This is no surprise. Dozens of experienced BBC regional reporters and presenters were shown the door just before Christmas as BBC News slashed its regional content. Hundreds more jobs are expected to be phased out nationally as the organisation absorbs £500m of cuts due to a below inflation Licence Fee increase. A further appearance in front of the Select Committee to explain how the impact of these cuts is being managed is scheduled for late Spring.

Further major decisions will follow in the next couple of weeks: who will replace Huw Edwards at the News at Ten? Will the budget cuts allow sustained coverage of at least two major wars and a general election in 2024? How will the ongoing legal battle to force the BBC to release e mails relating to Martin Bashir’s Princess Diana interview be concluded? How will the BBC’s news coverage compete with the explosion in podcasts like the Rest is Politics and The News Agents?

Senior staff have been impressed by first impressions and are relieved the political drama over the links of predecessor Richard Sharp to Boris Johnson is over. But it will be interesting to see if Dr Shah still holds his belief that the “BBC’s sheer scale and organisational culture creates a “monolithic posture that makes it appear anti-competitive“.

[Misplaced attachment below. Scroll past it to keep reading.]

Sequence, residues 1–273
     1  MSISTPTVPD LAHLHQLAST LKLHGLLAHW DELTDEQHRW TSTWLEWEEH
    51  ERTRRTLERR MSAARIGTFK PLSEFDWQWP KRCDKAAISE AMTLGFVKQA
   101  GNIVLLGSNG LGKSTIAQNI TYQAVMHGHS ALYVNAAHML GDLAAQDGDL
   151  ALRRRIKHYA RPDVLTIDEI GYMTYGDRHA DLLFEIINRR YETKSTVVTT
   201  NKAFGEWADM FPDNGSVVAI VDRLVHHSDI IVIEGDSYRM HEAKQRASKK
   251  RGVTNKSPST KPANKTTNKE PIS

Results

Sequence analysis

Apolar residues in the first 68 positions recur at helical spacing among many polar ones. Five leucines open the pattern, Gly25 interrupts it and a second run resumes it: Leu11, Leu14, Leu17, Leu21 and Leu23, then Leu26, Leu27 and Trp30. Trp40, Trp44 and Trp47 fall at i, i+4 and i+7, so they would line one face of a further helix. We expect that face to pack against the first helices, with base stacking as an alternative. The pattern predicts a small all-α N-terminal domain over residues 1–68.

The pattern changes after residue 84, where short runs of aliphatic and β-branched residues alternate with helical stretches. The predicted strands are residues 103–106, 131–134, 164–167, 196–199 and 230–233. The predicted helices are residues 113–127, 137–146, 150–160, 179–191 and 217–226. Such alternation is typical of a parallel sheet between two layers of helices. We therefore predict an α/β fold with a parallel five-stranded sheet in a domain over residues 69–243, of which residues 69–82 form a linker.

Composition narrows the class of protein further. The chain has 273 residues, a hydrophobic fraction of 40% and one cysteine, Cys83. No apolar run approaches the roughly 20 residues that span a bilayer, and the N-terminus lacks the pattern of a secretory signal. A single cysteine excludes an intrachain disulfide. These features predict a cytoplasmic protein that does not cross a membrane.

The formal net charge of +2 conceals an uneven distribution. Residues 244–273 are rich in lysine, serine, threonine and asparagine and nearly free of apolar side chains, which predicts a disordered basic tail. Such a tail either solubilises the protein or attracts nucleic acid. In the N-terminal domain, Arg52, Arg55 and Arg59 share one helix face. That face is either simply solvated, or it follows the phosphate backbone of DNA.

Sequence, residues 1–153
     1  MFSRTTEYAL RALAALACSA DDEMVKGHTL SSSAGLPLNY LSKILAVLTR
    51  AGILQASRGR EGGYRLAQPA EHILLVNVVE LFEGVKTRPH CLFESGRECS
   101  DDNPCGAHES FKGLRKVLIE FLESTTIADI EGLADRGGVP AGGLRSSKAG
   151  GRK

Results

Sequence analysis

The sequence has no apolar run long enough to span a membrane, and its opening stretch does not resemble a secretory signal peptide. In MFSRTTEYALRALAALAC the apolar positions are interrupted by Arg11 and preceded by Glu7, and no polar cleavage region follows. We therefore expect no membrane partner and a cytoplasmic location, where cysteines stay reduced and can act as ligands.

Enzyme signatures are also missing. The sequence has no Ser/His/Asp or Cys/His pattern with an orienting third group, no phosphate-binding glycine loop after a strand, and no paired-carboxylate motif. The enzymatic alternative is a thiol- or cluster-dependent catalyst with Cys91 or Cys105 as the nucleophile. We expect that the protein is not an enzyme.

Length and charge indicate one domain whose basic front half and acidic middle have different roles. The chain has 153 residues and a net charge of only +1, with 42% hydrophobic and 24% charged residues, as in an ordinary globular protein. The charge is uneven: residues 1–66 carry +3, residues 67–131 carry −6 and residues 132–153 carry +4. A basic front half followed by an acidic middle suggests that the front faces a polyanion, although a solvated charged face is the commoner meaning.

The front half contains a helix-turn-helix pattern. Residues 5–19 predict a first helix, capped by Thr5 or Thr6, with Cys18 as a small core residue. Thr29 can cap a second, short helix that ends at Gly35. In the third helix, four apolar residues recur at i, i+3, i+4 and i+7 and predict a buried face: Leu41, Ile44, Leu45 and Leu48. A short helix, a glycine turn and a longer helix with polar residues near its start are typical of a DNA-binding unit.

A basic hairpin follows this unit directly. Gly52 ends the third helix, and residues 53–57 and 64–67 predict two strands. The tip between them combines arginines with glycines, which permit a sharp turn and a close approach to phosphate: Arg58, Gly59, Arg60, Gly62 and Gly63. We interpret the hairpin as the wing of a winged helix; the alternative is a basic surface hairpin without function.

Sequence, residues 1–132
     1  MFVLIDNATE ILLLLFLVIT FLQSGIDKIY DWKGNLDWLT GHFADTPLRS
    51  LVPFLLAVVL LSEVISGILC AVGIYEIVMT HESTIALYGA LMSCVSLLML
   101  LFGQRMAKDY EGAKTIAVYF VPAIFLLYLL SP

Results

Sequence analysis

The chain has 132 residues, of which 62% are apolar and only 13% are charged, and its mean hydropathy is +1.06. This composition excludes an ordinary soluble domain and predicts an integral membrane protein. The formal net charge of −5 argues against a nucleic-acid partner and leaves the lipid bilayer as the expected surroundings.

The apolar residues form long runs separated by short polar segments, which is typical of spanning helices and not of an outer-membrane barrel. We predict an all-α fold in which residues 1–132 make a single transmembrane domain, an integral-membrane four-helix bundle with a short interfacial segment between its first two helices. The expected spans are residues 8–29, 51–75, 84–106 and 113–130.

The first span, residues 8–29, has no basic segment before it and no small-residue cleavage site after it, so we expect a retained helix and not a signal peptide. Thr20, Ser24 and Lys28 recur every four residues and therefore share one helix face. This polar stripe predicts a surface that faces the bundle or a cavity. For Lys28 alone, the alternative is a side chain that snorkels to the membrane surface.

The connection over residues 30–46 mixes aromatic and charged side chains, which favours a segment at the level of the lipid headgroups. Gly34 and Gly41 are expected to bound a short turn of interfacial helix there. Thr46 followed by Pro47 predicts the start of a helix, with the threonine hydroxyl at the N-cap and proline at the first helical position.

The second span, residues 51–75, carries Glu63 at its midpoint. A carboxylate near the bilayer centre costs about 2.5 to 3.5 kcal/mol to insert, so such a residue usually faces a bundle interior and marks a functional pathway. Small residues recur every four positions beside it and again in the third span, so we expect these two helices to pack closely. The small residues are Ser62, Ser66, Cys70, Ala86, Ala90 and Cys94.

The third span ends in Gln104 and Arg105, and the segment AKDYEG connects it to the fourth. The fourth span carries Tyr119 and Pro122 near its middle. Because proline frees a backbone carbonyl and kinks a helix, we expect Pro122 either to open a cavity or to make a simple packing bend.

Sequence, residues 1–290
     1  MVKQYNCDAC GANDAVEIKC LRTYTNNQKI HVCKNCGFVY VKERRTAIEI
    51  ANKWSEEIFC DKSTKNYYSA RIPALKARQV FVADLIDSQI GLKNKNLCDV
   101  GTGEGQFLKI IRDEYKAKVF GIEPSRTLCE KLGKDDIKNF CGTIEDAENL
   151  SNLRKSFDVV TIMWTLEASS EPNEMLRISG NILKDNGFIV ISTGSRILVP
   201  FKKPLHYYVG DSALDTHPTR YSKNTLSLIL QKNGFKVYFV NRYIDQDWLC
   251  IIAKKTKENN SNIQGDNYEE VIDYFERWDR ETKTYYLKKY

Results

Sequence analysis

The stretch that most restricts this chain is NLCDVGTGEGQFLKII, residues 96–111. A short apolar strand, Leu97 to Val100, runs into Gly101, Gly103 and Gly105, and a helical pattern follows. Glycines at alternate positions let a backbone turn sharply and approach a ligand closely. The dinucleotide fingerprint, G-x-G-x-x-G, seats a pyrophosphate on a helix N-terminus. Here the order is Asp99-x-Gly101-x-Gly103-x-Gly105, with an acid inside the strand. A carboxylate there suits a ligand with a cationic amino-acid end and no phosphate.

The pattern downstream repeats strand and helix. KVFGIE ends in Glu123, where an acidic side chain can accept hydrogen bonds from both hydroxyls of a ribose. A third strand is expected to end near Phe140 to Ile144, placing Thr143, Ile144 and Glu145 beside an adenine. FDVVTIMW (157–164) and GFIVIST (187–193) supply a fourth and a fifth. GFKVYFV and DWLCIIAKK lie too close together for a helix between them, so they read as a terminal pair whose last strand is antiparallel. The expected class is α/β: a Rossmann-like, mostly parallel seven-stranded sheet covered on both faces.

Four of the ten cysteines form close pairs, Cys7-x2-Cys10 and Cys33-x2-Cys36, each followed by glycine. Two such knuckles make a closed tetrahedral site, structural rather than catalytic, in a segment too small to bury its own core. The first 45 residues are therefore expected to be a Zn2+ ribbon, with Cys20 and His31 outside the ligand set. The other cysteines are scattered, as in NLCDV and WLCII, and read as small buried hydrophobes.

“News you can use” key to getting in The Sun amid gloomy news agenda

Jaber Mohamed, former reporter at The Mail on Sunday, spoke to Sam Blanchard, Health Correspondent at the Sun about the stories he’s looking to cover in the coming months. Sam told him: 

The Sun is very UK focused and we want stories that would appeal to the average man or woman on the street I write a lot of consumer-style stories and ideally they should be fun, interesting and positive.

If the news is negative it is better if it’s ‘news you can use’. For example, I wrote a story recently warning parents not to feed their children too much junk food as they can develop stiff arteries by the age of just 17. It’s a negative story but it’s useful to our audience.

I’m especially interested in stories about obesity, dementia, cancer and cosmetic procedures.

City A.M. looks North